FERGUSON, Mo. (AP) — By Wednesday, police outnumbered protesters in the St. Louis suburb that launched the "Black Lives Matter" movement, signaling that the nightly demonstrations could be fading after the anniversary of Michael Brown's death. But Ferguson, and the issues that elevated it to national prominence, are sure to be closely watched in the months to come. A look at what's ahead:
ACTIVISTS KEEP GOING
A protest organizer says the cause could now pivot to focus more on statehouses and corporate America.
Nabeehah Azeez says civil rights coalitions will keep calling for economic boycotts, pressing for colorblind police practices and lobbying for criminal justice reforms.
"There are various ways of protests, and we don't have to be in the streets," Azeez said. "It's going to take several different tactics ... until we see real systematic change. I don't think any of us are naive to think it will happen overnight."
Azeez considered the Ferguson protests "meaningful in showing the world the power of community, collective love and healing."
"Ferguson is a very small problem with a magnifying glass over it," she said. "But Ferguson is not our only problem. We have a whole region, state, country and world that is our target."
FERGUSON FACES HIRING DECISIONS
The city has a daunting to-do list, including hiring a permanent city manager and police chief.
The community is on its third police chief since March, when the former chief, the city manager and the municipal judge all stepped down after a scathing Justice Department report. It blasted the police force for racial bias and the municipal court system for being a profit-driven enterprise that often targeted blacks.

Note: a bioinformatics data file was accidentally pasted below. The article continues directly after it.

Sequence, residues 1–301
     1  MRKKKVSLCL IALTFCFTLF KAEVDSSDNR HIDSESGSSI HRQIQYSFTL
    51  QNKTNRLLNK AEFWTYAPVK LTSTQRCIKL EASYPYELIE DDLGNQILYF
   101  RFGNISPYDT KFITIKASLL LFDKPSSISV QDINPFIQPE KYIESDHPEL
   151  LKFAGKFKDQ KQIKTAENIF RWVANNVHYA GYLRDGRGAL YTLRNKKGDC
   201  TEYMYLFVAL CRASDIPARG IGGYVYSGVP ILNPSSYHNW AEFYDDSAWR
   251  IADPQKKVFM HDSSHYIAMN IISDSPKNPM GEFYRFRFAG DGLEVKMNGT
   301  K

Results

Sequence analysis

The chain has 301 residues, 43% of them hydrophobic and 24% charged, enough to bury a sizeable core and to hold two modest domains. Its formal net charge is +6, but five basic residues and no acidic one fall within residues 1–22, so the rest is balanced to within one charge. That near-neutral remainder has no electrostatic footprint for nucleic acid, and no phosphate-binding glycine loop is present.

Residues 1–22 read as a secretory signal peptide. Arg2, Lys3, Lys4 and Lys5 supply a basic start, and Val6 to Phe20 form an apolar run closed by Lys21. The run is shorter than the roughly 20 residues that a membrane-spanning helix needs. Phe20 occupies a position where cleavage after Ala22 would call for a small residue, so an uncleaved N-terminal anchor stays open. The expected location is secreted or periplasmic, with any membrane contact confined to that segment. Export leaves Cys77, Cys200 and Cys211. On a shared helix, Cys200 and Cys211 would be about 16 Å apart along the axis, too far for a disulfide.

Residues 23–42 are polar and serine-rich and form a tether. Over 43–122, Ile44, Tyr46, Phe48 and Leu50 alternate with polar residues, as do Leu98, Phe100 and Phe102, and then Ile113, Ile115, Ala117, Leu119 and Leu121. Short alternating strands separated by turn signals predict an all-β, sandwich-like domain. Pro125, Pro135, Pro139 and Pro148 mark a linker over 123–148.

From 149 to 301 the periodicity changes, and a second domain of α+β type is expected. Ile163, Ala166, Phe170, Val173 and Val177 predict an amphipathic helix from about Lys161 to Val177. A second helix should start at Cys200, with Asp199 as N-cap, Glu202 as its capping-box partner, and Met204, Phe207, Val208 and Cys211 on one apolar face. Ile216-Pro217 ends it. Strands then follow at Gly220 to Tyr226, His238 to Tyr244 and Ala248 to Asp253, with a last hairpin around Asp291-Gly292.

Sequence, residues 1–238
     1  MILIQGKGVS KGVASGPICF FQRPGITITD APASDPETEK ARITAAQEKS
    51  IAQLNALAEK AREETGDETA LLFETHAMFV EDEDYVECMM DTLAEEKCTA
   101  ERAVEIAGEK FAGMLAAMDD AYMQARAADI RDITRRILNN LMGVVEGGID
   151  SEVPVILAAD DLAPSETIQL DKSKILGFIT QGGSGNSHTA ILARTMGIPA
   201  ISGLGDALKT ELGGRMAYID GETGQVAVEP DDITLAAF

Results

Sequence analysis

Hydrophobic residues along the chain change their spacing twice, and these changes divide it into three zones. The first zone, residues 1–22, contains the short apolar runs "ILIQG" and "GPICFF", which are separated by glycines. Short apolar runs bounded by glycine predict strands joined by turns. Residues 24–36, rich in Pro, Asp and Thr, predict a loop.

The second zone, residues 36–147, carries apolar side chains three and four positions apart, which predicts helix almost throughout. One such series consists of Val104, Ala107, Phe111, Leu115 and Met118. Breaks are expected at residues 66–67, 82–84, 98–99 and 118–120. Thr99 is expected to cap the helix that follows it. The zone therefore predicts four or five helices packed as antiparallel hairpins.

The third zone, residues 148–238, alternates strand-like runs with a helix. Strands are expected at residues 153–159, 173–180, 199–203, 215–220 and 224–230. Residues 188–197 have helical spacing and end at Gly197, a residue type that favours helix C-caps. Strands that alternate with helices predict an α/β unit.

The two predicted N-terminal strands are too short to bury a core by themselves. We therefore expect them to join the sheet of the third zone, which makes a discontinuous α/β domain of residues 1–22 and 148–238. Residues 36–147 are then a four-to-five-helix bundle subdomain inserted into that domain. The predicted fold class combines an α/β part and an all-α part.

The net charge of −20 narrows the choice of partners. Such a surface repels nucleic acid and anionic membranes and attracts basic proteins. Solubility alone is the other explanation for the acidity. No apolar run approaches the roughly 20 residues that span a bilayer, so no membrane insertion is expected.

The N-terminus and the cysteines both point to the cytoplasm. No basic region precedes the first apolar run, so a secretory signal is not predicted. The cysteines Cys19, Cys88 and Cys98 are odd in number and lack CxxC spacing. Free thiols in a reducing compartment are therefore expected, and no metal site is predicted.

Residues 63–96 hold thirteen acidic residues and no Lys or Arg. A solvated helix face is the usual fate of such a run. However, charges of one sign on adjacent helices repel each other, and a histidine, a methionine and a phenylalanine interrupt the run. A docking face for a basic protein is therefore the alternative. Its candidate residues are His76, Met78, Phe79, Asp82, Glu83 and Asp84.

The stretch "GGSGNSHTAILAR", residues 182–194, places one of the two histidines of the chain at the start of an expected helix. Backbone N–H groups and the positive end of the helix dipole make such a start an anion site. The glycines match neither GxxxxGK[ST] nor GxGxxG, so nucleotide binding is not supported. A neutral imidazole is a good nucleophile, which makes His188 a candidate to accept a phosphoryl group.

Hired last month as Ferguson's interim chief, Andre Anderson is on a six-month leave from his job as a police commander in suburban Phoenix. He has said he would welcome the job permanently.
Ferguson also has an interim city manager and soon will have to replace the municipal judge who took over after the previous judge resigned. Within months, the replacement judge will be required by law to retire because of his age.
All the while, Ferguson continues negotiating with the Justice Department over how to overhaul the city's police department and municipal courts. The city is also defending itself against a wrongful-death lawsuit filed by Brown's parents.
Statewide, Gov. Jay Nixon has asked a state commission and the Missouri Department of Public Safety to update law enforcement standards focusing on tactical training, fair policing and the physical and mental health of officers. Those standards have not been updated since 1996. He wants proposals by Dec. 1.
THE QUEST FOR AN INDEPENDENT PROBE
Activists continue their legal efforts to get an independent probe into the handling of grand jury proceedings in Brown's death.
Four activists are appealing a St. Louis County judge's ruling last month that tossed out their lawsuit, which seeks a special prosecutor to review the way St. Louis County prosecutor Robert McCulloch oversaw the process.
A grand jury last November declined to indict white Ferguson police officer Darren Wilson in the shooting death of 18-year-old Brown, who was black and unarmed. Wilson, who later resigned, was also cleared by the U.S. Department of Justice.
The activists have asked the Missouri Court of Appeals to consider the matter.
MILITARY SEEKS RETURN OF HEAVY EQUIPMENT
The Obama administration wants Missouri to retrieve two surplus Humvees from Ferguson, at least for now.
The Humvees were distributed under a national program that offers surplus military equipment and weapons to local police forces. But the Pentagon, citing a records discrepancy, is recalling two of the vehicles after learning Ferguson was given four Humvees in 2013 — twice as many as it was authorized to get.
The government's giveaway of surplus military equipment to law enforcement agencies came under scrutiny by the Obama administration and Congress after some of that equipment was deployed during the protests that followed Brown's death.
The Pentagon does not allege that Ferguson did anything wrong, only that the state — the program's intermediary between local police and the Defense Department — must take control of the vehicles for the time being.